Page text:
Sunday, July 15, 2012

Celeste Holm Dies at 95

The delightful actress Celeste Holm, star of stage and screen, passed on today at the age of 95.


Celeste Holm was equally talented as a musical star, a comedienne, and a straight dramatic actress. She made her first big splash as Ado Annie in the original Broadway cast of Rodgers & Hammerstein's OKLAHOMA! (1943), then won a Best Supporting Actress Oscar for a dramatic role in her third film, GENTLEMAN'S AGREEMENT (1947).

She received additional Supporting Actress nominations for COME TO THE STABLE (1949) and ALL ABOUT EVE (1950); she's wonderfully good in both, in hugely different roles, playing a simple French nun in the earlier film and the sophisticated wife of a Broadway playwright in the latter.

Her first film was in the 20th Century-Fox musical THREE LITTLE GIRLS IN BLUE (1946), where she registered strongly in a small but showy role as Frank Latimore's matchmaking sister. That movie was followed by varied films such as CARNIVAL IN COSTA RICA (1947), ROAD HOUSE (1948), THE SNAKE PIT (1948), and CHICKEN EVERY SUNDAY (1949). She also provided the voice for Addie Ross, the calculating narrator of A LETTER TO THREE WIVES (1949).

After ALL ABOUT EVE (1950) Holm didn't make a film for half a decade; her work during this time included replacing Gertrude Lawrence in the Broadway cast of Rodgers & Hammerstein's THE KING AND I. When she returned to the screen, it was to star in a pair of MGM films which I've seen countless times over the years, THE TENDER TRAP (1955) and HIGH SOCIETY (1956). Holm, in each film playing a witty woman with an underlying sadness, is a huge reason why these films have been watched by me so many times.

She's also beloved to me for yet another Rodgers & Hammerstein role, as the Fairy Godmother in the 1965 Lesley Ann Warren TV version of CINDERELLA.

Over the years Holm continued to appear on stage, films, and television, and in fact her IMDb credits indicate she appeared in films due out later this year and next year.

It's been a tough month for film fans, with the passing of beloved performers including Ann Rutherford, Andy Griffith, and Ernest Borgnine, as well as writer-director Nora Ephron. Although we will miss them greatly, it's a wonderful thing that they have each left us with unique work which has stood the test of time and will continue to delight audiences for generations.

I feel deep gratitude for the life of Celeste Holm and the pleasure she brought to all of us who enjoyed her performances over the decades, and I'm sure countless fans of her work on stage and screen feel the same.

Update: A video tribute to Celeste Holm is now available on the TCM website.

7 Comments:

Blogger Jacqueline T Lynch said...

A lovely lady and very, very fine actress.

3:20 PM  
Blogger barrylane said...

You must be a nice person, Laura. All of your comments ring true. I might add that about thirty years ago I had the opportunity to interact with Dick Zanuck. Quite a guy. A good one.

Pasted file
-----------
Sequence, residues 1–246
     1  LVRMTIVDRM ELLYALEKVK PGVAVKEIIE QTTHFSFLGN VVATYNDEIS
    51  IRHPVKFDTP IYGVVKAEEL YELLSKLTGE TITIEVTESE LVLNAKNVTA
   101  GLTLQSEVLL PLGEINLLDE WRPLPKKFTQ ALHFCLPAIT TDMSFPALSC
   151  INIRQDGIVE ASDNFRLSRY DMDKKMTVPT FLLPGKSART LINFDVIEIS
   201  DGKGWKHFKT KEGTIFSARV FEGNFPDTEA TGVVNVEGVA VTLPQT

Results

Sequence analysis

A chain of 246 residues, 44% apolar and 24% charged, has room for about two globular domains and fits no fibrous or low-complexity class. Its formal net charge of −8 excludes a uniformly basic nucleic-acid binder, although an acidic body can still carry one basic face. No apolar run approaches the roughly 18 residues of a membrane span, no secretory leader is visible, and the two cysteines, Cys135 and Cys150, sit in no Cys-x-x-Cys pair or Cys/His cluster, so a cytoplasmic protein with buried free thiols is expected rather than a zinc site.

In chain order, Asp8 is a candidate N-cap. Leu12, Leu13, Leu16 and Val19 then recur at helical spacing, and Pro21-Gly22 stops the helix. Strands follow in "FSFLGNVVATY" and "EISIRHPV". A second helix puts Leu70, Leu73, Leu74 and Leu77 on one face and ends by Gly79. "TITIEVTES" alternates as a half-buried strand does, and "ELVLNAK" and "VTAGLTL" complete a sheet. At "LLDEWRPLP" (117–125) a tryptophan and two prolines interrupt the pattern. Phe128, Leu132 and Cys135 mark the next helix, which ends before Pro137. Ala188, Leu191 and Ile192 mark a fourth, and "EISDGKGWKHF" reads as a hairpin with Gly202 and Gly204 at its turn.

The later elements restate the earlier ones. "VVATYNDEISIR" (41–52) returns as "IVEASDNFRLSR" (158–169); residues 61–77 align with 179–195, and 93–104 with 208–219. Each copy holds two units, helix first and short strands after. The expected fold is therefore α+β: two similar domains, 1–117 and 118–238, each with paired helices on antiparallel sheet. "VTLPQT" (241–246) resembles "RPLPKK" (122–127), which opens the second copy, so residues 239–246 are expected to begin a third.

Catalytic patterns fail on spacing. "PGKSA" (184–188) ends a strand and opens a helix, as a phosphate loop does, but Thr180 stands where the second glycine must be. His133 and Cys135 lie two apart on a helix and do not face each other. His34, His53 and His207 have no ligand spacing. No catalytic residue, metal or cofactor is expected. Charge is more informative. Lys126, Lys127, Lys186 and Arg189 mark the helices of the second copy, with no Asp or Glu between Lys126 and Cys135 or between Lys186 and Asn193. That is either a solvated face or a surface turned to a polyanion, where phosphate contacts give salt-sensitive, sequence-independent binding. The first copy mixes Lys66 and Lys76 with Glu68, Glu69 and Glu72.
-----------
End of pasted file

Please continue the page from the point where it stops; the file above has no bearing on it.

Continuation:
3:41 PM  
Blogger Blake Lucas said...

It has been a tough month.

Great Japanese actress Isuzu Yamada also died at 95, just last week--her starring roles in the first two masterpieces of director Kenji Mizoguchi, OSAKA ELEGY and SISTERS OF THE GION, are iconic.

It seems like it shouldn't be sad if someone dies at 95 and had the career they presumably wanted and definitely deserved--true of Yamada, Borgnine, Holm.

Yet it truly is sad--maybe it's because the expressive power of cinema and its emotional pull for us is so great that when you've been watching them through so many years you feel it almost as if it's someone you had known and loved personally.

4:50 PM  
Blogger Blake Lucas said...

"...a witty woman with an underlying sadness..."

That's a really well-turned phrase about those characters and kind of caught me reading that it's one reason you responded to those two movies.

Seeing THE TENDER TRAP again a few years ago, I tremendously enjoyed it, but I must say that for me second couple Celeste Holm and David Wayne were the more compelling characters and most moving part of it, not to say Frank Sinatra and Debbie Reynolds were not fine in the leads and of course all four characters are connected as part of the whole.

11:33 PM  
Blogger DKoren said...

Aw, so sad. I'm not that familiar with her work, but I've always liked her performances when I have seen her. Another one who will be missed. :-(

7:20 AM  
Blogger Laura said...

I appreciate all your comments and feedback! What a special lady Celeste Holm was. And I'm glad to hear Dick Zanuck was a good guy, too.

Blake, thank you for sharing the information on Isuzu Yamada, I hope I'll become acquainted with her work in the future.

It's really sad to see so many great artists pass from the scene. Continuing Blake's thoughts on the power of cinema, how remarkable it is that, in a sense, we watch movies with "ghosts" -- the majority of the performers from the classic film era are gone, yet we can continue to see, hear, and appreciate them decades later.

Blake, I think you're right about TENDER TRAP, below the glossy story of the bachelor and beautiful babes, it has an interesting serious subtext, especially conveyed by Holm and Wayne. (And then there's that title song sequence, which is pure '50s magic...)

Best wishes,
Laura

3:31 PM  
Blogger Vienna said...

Loved Celeste. . She should have had more leading roles . She came to Nottingham, England many years ago and did LADY IN THE DARK on stage. Such a thrill to see her in person.
Of course she will always be the lovely Karen in ALL ABOUT EVE.

6:51 AM  

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